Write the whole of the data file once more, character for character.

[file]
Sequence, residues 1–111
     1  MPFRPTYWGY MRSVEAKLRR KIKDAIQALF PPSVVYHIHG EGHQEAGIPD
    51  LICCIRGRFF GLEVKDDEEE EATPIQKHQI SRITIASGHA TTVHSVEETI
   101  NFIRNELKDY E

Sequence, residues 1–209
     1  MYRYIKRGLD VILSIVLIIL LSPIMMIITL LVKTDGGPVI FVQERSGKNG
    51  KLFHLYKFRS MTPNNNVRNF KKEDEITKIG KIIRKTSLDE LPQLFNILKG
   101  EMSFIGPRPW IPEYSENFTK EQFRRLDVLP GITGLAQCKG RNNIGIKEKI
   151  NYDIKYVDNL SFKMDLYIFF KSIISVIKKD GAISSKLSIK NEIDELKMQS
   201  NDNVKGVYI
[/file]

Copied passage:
Sequence, residues 1–111
     1  MPFRPTYWGY MRSVEAKLRR KIKDAIQALF PPSVVYHIHG EGHQEAGIPD
    51  LICCIRGRFF GLEVKDDEEE EATPIQKHQI SRITIASGHA TTVHSVEETI
   101  NFIRNELKDY E

Sequence, residues 1–209
     1  MYRYIKRGLD VILSIVLIIL LSPIMMIITL LVKTDGGPVI FVQERSGKNG
    51  KLFHLYKFRS MTPNNNVRNF KKEDEITKIG KIIRKTSLDE LPQLFNILKG
   101  EMSFIGPRPW IPEYSENFTK EQFRRLDVLP GITGLAQCKG RNNIGIKEKI
   151  NYDIKYVDNL SFKMDLYIFF KSIISVIKKD GAISSKLSIK NEIDELKMQS
   201  NDNVKGVYI